Make sure to check the range's days and hours of operation, and plan your trip accordingly. Give yourself some extra time in case the range is busy. It's possible that there won't be a shooting bench available when you first arrive. Also check the range's calendar and see if there's a shooting competition or special events there, which can close or restrict portions of the range.
Hot brass and bare skin don't mix. The shooting range is not the place to wear open-toed shoes, short shorts, or a V-neck or low-cut shirt. Some ranges actually have dress codes, which you might be able to find online. If you can't and you're not sure, it's best to call the range ahead of time. Think tight-collared shirts, pants (especially if you plan to shoot from the prone position), and a baseball cap for sunny summer days.
Ears and eyes
You can rent eye and ear protection at many gun ranges, including Farragut and Black's Creek, but it's not a bad idea to pick up your own set of glasses and earplugs and/or earmuffs before your first trip, and make sure they fit you well. Even if they're wearing quality ear protection, new shooters are often surprised by how loud the range is, especially if it is busy – so mentally prepare yourself for the noise.
Pack a cooler
If you're planning to spend a chunk of the day on the range, it's not a bad idea to bring along a ice chest with some water or sports drinks to keep yourself hydrated. Most ranges don't have drinking water available.
Case your firearms
You don't have to spend a fortune on a fancy hard case, but when you pack your firearms in your vehicle for the trip out, make sure they're unloaded and securely cased. Most ranges have rules against carrying uncased firearms into the facility.
When you arrive
Check in at the range office
If you're visiting a supervised range like Black's Creek or Farragut, the first thing you'll need to do is check in with the range officer. At this point, you should leave your cased guns in the car. Depending on where the range office is located, you might want to have your ear protection on if the range is hot.
You will likely have to review the safety rules for the range, and sign a waiver stating that you understand their range safety policies. After signing in and paying any range fees required, you will be assigned a shooting range number and given a target, target stand, and firearm action indicator. Find your shooting lane, and set these items there before heading back to your vehicle.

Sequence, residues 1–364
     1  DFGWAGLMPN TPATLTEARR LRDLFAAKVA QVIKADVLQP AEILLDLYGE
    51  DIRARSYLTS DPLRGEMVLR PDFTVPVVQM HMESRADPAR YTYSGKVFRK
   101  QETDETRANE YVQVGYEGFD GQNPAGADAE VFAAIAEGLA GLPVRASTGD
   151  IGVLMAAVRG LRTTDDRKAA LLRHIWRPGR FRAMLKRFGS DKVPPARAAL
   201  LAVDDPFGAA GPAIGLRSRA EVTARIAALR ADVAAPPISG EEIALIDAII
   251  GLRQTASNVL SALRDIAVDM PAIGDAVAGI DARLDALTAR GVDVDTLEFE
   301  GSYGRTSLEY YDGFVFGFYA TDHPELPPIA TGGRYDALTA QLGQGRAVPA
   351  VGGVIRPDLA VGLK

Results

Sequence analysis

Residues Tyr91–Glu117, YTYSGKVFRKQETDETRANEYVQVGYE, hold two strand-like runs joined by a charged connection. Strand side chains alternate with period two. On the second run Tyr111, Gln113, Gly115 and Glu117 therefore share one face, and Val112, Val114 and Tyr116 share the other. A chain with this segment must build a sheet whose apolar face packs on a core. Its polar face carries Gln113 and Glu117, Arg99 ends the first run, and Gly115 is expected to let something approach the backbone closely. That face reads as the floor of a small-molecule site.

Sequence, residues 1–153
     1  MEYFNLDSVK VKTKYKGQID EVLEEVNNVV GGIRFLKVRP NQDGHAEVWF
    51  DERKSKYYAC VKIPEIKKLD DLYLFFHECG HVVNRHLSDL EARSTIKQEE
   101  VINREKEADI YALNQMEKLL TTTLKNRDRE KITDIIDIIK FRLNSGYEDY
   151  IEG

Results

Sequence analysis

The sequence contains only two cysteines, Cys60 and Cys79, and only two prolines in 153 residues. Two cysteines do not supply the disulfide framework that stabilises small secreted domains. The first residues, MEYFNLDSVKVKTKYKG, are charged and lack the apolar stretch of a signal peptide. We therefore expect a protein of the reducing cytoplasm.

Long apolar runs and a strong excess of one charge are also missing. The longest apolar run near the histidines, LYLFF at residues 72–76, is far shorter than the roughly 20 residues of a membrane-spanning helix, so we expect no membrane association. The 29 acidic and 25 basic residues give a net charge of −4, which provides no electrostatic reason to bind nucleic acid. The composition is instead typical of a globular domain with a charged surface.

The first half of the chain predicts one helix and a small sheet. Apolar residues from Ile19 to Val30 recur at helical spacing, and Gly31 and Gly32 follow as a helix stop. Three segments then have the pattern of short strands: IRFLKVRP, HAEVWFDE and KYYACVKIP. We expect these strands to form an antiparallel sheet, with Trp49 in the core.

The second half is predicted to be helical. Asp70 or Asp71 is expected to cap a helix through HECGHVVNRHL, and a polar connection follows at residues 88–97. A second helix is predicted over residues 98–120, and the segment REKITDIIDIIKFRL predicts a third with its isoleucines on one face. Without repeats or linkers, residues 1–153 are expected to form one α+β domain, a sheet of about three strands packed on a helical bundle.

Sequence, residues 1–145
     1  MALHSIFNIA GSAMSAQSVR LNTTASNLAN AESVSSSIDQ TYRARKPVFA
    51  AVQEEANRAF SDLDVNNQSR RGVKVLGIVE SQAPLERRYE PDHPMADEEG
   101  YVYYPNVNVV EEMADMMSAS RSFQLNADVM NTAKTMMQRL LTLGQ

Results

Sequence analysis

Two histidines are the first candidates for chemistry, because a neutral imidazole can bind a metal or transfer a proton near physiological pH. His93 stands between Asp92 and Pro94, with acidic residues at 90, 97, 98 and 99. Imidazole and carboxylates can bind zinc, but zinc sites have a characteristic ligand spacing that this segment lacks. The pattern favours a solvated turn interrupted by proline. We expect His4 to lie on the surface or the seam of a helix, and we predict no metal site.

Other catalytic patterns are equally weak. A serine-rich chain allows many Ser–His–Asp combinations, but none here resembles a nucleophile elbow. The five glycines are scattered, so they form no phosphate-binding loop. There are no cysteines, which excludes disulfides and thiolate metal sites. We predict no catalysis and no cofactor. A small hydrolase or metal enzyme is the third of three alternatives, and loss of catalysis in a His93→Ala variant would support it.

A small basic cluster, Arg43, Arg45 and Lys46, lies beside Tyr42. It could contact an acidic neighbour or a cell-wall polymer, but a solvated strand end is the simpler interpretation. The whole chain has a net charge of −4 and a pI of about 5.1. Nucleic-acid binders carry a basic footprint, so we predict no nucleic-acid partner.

Be open about being a new shooter
If it's your first time at the range, let the staff there know, and they will help walk you through the process.
Move your firearms from your vehicle to your shooting lane
At this point, they should still be cased and unloaded. If the range is closed, leave your firearms cased and set them down away from your shooting bench. The only time you're allowed to handle any firearms is when the range is open.
While you're there
Follow the range rules and the directions of the range master
You should already know the range rules, and that the job of the range master is to keep everyone safe. Their word is the law on the shooting range. Make sure to listen carefully for any commands, and follow them immediately.
Feel free to ask for help or advice
While they're not there to be your personal coach, the range master can help you and answer questions you might have. If you're uncertain about anything, ask them. More experienced shooters are often happy to help out a newcomer, too, and can be a tremendous resource. But with that being said...
Be respectful of those shooting
Safe shooting takes concentration, and it's critical that you don't distract active shooters. Don't strike up a conversation on the firing line. The best time for that is during a ceasefire, when the range is closed.
As long as you're being safe, responsible, and following the range rules and the directions of the range master, you and everyone around you should enjoy the time spent on the range.
Before you leave
Clean up your lane
Pick up your spent brass and anything else you brought with you. Leave your shooting lane in better shape than it was in when you arrived.
Wash your hands after you're done shooting for the day to rinse off any lead residue.